the Tower. Willie, or, to be more correct, Sir William Scott, Junr., was
caught and put in the dungeon. Sir Gideon Murray decided to hang him,
but his lady interposed: "Would ye hang the winsome Laird o' Harden,"
she said, "when ye hae three ill-favoured daughters to marry?" Sir
Willie was one of the handsomest men of his time, and when the men
brought the rope to hang him he was given the option of marrying Muckle
Mou'd Meg or of being hanged with a "hempen halter." It was said that
when he first saw Meg he said he preferred to be hanged, but he found
she improved on closer acquaintance, and so in three days' time a
clergyman said, "Wilt thou take this woman here present to be thy lawful
wife?" knowing full well what the answer must be. Short of other
materials, the marriage contract was written with a goose quill on the
parchment head of a drum. Sir William found that Meg made him a very
good wife in spite of her wide mouth, and they lived happily together,
the moral being, we supposed, that it is not always the prettiest girl
that makes the best wife.

Shortly afterwards we left the River Tweed for a time while we walked
across the hills to Galashiels, and on our way to that town we came to a
railway station near which were some large vineries. A carriage was
standing at the entrance to the gardens, where two gentlemen were buying
some fine bunches of grapes which we could easily have disposed of, for
we were getting rather hungry, but as they did not give us the chance,
we walked on. Galashiels was formerly only a village, the "shiels"
meaning shelters for sheep, but it had risen to importance owing to its
woollen factories. It was now a burgh, boasting a coat-of-arms on which
was represented a plum-tree with a fox on either side, and the motto,
"Sour plums of Galashiels." The origin of this was an incident that
occurred in 1337, in the time of Edward III, when some Englishmen who
were retreating stopped here to eat some wild plums. While they were so
engaged they were attacked by a party of Scots with swords, who killed
every one of them, throwing their bodies into a trench afterwards known
as the "Englishman's Syke." We passed a road leading off to the left to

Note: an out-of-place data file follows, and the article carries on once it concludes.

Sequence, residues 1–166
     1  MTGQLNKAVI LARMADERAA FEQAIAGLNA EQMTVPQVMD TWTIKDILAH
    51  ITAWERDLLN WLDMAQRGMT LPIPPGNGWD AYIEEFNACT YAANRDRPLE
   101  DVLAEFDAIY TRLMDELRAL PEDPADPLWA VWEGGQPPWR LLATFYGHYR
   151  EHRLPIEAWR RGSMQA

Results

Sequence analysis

Stow, where King Arthur and the Knights of the Round Table were said to
have defeated the Heathens. We left Galashiels by the Melrose Road, and,
after walking about a mile and a half, we turned aside to cross the
River Tweed, not by a ferry, as that was against our rule, but by a
railway bridge. No doubt this was against the railway company's by-laws
and regulations, but it served our purpose, and we soon reached
Abbotsford, that fine mansion, once the residence of the great Sir
Walter Scott, the king of novelists, on the building of which he had
spent a great amount of money, and the place of his death September
21st, 1832.


Abbotsford, including the gardens, park, walks and woods, was all his
own creation, and was so named by him because the River Tweed was
crossed at that point by the monks on their way to and from Melrose
Abbey in the olden times.

[Illustration: SIR WALTER SCOTT.]

We found the house in splendid condition and the garden just as Sir
Walter had left it. We were shown through the hall, study, library, and
drawing-room, and even his last suit of clothes, with his white beaver
hat, was carefully preserved under a glass case. We saw much armour, the
largest suit belonging formerly to Sir John Cheney, the biggest man who
fought at the battle of Bosworth Field. The collection of arms gathered
out of all ages and countries was said to be the finest in the world,
including Rob Roy Macgregor's gun, sword, and dirk, the Marquis of
Montrose's sword, and the rifle of Andreas Hofer the Tyrolese patriot.

Amongst these great curios was the small pocket-knife used by Sir
Walter when he was a boy. We were shown the presents given to him from
all parts of the kingdom, and from abroad, including an ebony suite of
furniture presented to him by King George IV. There were many portraits
and busts of himself, and his wife and children, including a marble bust
of himself by Chantrey, the great sculptor, carved in the year 1820. The
other portraits included one of Queen Elizabeth, another of Rob Roy; a
painting of Queen Mary's head, after it had been cut off at Fotheringay,
and a print of Stothard's _Canterbury Pilgrims_. We also saw an iron box
in which Queen Mary kept her money for the poor, and near this was her
crucifix. In fact, the place reminded us of some great museum, for there
were numberless relics of antiquity stored in every nook and corner, and
in the most unlikely places. We were sorry we had not time to stay and
take a longer survey, for the mansion and its surroundings form one of
the great sights of Scotland, whose people revere the memory of the
great man who lived there.


The declining days of Sir Walter were not without sickness and sorrow,